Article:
Give me your thoughts on when to remove supers from hives in the later part of the summer and still leave enough stores for Winter. What do you consider in making this decision?
When I have time and the weather is not so hot that I will not faint from heat stroke. Also, how long will they end up on my kitchen floor and how long before my wife complains about it? How long before I have time to extract it? Basically the bees will take care of it as long as it's on the hive. After I remove them they are MY responsibility. I have to keep the ants and the wax moths and the mice out and I have to do something with them before too long.
It won't really matter to the bees.
In the past I left them on until it was time to install the Apistan or Checkmite. This year I will not use those treatments, I am opting to use the oxalic strips instead.
I consider myself as growing bees/colonys this year, not particulary honey. So I will still wait until about that time so I can even out the stores for the weaker hives.
To answer your question, early October.
Requeening in early September.
Flint Hills Bee Farmer
Flint hills is very beautiful. My brother lives near them from the Topeka side......
Oh and I took my share in July. Then started helping them to build up in numbers and ready to winter....
If I don't get a lot of honey next year, I'll be sore.
If I was seeing a lot of mites I would get them off as quickly as possible to save the bees.This year our bees look strong and healthy(so far)so I feel no urgency.Plus the fact that it was a poor year here and there are lots of empty supers.When the honey is ripe and it is still warm enough for fume boards to work are other considerations.I guess I will start when I feel no more surplus nectar is going into the supers.Right now the bees are still too strong for me to want to crowd them into just 2 boxes.
MY PROBLEM: have a two story brood chamber hive very strong , loaded with bees. for the past few weeks I have noticed young bees being thrown out with crinkeled wings, which i believe is a sign of mites . but the bees are still super strong. they have 3 medium supers on two are 3/4 full uncapped one I just put on about 4 days ago , a wet super. the golden rod and fall flowers are just about to begin. WHAT SHALL I DO ????? Without a doubt they will be able to fill them but this mite thing has me worried . thanks Walt
I'd say the mites are about to come after you. My screened bottom boards have gone all summer with 0-1 mites per week but in the last 2 weeks the number has jumped to 5-7 per week. I am expecting to see that number more than double each week going forward.
>MY PROBLEM: have a two story brood chamber hive very strong , loaded with bees. for the past few weeks I have noticed young bees being thrown out with crinkeled wings, which i believe is a sign of mites .
Could be a signe of mites. Have you done a drop test? How do you know that they are "young bees" and not old worn out field bees? Both are possible, but I would definitely do a drop test to see if there are mites.
>but the bees are still super strong. they have 3 medium supers on two are 3/4 full uncapped one I just put on about 4 days ago , a wet super. the golden rod and fall flowers are just about to begin. WHAT SHALL I DO ?????
Do a drop test. If you get 100 mites or more in 24 hours you have SERIOUS problems. If you have a few (10 or so) then you're probably ok for now. If you decide it's the mites and the deformed wing virus then you need to treat for the mites and maybe for the virus too.
Essential oils seem to be good for the virus. In fact, I don't know of anything else that is effective. If you pull all the supers off and put some new empty ones on (since there is a flow going on). You can figure whatever they put away while you treat is bee food for winter stores or you can extract it and feed it later. If you put on boxes that are the same size as your brood chambers you can use frames out of there to replace emtpy frames in the brood chamber before the cold sets in for winter stores later. You always need bee food anyway.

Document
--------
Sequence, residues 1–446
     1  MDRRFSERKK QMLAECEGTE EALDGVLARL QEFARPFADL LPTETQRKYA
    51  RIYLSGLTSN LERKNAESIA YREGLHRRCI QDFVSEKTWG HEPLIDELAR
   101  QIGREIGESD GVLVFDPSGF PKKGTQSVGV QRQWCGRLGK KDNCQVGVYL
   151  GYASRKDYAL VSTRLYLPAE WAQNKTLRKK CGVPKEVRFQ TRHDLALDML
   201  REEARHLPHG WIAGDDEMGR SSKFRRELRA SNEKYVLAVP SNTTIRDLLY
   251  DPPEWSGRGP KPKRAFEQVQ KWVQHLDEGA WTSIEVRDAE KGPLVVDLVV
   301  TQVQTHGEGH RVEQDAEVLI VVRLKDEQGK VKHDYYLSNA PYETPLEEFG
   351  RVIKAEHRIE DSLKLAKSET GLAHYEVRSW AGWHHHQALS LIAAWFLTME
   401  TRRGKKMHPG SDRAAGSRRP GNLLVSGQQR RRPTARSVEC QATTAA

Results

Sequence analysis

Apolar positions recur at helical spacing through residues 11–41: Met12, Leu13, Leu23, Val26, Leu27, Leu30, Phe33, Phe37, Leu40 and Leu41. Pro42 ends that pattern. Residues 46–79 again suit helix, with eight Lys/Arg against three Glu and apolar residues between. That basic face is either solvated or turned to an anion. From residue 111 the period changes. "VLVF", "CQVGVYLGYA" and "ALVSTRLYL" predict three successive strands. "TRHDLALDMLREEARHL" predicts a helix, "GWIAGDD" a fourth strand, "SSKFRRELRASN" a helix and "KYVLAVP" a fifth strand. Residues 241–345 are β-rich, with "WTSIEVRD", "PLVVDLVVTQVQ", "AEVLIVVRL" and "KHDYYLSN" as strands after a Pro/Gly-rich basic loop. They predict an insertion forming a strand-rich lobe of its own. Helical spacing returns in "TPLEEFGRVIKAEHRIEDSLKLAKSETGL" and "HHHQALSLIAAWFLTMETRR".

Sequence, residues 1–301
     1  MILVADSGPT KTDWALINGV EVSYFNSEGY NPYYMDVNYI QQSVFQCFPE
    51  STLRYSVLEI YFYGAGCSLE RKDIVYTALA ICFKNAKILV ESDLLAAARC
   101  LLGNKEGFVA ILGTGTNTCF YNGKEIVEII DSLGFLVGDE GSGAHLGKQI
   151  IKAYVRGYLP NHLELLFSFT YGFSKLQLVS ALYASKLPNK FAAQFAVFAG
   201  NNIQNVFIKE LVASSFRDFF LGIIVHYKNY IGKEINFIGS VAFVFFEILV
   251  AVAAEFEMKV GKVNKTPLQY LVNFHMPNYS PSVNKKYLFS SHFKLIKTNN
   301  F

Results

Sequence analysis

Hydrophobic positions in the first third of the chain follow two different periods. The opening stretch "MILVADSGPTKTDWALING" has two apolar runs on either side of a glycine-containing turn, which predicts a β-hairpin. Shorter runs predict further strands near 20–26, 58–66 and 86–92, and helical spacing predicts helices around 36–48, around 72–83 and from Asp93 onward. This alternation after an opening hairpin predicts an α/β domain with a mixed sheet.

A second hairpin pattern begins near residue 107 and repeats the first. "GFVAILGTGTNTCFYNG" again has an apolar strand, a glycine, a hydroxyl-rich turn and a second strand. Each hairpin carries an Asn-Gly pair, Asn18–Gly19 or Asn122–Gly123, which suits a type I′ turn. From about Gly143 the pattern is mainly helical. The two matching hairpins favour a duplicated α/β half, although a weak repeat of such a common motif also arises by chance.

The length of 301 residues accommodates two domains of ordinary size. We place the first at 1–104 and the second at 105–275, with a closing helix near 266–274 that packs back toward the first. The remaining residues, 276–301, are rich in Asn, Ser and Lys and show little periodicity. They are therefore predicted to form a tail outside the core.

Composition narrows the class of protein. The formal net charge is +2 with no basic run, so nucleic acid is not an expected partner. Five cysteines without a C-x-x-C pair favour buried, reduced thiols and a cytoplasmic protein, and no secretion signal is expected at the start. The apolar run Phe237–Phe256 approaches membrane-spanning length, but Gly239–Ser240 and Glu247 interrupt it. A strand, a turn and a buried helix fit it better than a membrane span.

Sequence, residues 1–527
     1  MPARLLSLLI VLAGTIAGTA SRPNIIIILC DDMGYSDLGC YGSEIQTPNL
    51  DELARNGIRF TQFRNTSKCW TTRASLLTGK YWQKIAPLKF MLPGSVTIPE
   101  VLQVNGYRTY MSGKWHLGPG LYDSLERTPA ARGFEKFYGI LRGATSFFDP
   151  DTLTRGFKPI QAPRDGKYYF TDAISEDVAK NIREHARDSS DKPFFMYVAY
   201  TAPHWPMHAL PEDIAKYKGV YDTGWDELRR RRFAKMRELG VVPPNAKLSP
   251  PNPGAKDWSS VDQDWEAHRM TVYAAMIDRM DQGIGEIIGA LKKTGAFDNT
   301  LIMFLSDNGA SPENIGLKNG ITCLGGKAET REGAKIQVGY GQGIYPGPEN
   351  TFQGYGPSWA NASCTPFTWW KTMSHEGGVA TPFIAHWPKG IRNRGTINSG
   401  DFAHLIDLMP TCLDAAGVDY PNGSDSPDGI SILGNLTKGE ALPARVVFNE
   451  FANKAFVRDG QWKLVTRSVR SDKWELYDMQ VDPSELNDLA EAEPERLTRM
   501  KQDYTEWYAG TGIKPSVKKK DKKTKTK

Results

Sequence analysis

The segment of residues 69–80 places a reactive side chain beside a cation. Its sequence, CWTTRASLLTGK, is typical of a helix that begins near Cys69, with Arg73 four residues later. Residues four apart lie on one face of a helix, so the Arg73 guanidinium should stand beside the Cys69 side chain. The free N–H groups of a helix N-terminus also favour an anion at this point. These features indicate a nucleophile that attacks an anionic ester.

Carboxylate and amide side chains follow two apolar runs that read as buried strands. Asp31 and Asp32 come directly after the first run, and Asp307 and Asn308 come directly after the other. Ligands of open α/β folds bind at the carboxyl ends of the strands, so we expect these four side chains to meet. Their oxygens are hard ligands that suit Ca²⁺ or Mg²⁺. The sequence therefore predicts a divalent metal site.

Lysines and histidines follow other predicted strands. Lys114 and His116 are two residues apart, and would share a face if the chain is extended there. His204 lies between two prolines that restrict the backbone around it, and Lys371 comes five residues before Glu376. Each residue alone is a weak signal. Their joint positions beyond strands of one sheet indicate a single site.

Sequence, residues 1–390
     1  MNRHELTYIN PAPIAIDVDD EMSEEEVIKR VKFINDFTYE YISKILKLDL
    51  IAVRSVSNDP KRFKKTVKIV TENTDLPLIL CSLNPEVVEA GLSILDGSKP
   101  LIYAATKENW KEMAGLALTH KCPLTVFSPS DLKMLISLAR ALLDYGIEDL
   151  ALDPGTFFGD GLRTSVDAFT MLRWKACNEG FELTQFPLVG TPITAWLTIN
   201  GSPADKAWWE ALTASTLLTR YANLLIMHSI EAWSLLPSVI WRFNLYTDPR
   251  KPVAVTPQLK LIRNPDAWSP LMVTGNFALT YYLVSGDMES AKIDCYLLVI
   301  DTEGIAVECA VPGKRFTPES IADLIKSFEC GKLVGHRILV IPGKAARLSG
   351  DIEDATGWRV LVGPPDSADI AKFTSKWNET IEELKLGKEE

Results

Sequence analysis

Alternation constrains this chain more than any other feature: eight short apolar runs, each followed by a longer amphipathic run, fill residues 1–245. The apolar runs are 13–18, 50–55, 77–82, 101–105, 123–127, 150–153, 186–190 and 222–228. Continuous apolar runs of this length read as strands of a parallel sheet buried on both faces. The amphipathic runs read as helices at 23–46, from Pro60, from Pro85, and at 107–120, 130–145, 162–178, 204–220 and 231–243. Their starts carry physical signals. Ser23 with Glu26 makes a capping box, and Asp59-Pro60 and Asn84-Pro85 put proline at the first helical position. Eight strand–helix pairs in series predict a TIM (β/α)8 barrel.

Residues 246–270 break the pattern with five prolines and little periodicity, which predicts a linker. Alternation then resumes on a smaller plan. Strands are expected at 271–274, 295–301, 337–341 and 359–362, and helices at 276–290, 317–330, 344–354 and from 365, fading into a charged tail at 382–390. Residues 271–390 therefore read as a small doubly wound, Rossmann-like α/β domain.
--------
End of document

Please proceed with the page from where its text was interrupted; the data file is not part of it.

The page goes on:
Anyway, you can feed wintergreen syrup and wintergreen grease patties for the virus. Antibiotics don't work on viruses anyway, so don't bother with any.
Are you using anything now for the mites? Do you have some plan on what you want to use? If you are of the "biological" or "organic" camp, then you need to use FGMO fog and cords and/or whatever else you think you want to try. Some drone comb and freezing it right after it's capped could pull a lot of mites out of a hive.
If you are of the "better living through chemistry" camp, use the Apistan or Check Mite.
Either way, do another drop test during treatment (except for the drone comb method because they won't fall, they will go into the capped cells) and another a week or so after. The one during will tell you if your treatment is getting mites off. The one after will tell you if the population has dropped much. I've seen Apistan fail totally and I've seen Mite Check poison all the bees, especially te queen. So don't assume that your treatment is working without evidence.
>Without a doubt they will be able to fill them but this mite thing has me worried .
It should have you worried, but you should try to find out if that is the problem and deal with it.
The other possibility is that they are actually worn out field bees with their wings worn to a frazzle from working. But I would find out. Don't assume.
If your bees have deformed wings and they're being kicked out of the hive, you'll see them crawling around on the ground constantly cleaning themselves and can't fly and trying to get back into the hive........
I had this problem a while back and began using the brood spray on the brood area and I gave them feeding of wintergreen syrup that is (like Micheal said) to feed to the brood before it's capped, killing the mite eggs that are being put into the cells by the adult female.
* 5 quarts water
* 10 lbs sugar of your choice
* 1 teaspoon- Wintergreen essential oil
* 1/2 teaspoon lecithin (we use granules)
Makes approximately 2 gallons
1. Heat water to near boil and add lecithin
2. Stir in lecithin until dissolved
3. Take water off burner and add sugar. Stir well until dissolved.